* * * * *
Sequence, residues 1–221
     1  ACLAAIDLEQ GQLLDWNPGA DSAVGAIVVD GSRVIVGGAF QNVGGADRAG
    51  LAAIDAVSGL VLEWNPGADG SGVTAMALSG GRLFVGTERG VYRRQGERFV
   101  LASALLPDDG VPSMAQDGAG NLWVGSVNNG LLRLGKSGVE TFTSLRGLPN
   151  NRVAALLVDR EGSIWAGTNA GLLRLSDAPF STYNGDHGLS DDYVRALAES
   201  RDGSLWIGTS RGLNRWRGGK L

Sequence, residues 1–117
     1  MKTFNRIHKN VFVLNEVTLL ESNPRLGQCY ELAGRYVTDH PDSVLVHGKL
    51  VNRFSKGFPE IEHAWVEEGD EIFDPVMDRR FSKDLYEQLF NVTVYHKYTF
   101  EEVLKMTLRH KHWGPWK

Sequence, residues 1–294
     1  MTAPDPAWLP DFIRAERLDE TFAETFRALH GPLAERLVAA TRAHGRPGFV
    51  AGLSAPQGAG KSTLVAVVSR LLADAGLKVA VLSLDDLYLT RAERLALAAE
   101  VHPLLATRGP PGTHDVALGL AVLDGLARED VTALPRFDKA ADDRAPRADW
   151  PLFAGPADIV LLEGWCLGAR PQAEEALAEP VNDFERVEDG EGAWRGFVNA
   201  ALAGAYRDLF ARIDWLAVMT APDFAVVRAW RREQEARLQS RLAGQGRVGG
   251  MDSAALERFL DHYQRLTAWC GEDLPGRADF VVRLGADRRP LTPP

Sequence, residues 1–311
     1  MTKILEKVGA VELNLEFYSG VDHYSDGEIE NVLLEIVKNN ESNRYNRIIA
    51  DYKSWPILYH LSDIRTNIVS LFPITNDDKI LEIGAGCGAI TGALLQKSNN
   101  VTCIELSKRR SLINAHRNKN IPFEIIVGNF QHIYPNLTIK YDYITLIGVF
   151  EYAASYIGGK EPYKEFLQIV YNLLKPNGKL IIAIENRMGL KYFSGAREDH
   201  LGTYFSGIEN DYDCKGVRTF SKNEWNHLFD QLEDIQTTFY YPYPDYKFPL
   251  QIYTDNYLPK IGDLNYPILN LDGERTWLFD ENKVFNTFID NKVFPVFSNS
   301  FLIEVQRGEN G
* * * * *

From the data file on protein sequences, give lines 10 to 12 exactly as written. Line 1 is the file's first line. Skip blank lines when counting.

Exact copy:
   101  EEVLKMTLRH KHWGPWK

Sequence, residues 1–294
     1  MTAPDPAWLP DFIRAERLDE TFAETFRALH GPLAERLVAA TRAHGRPGFV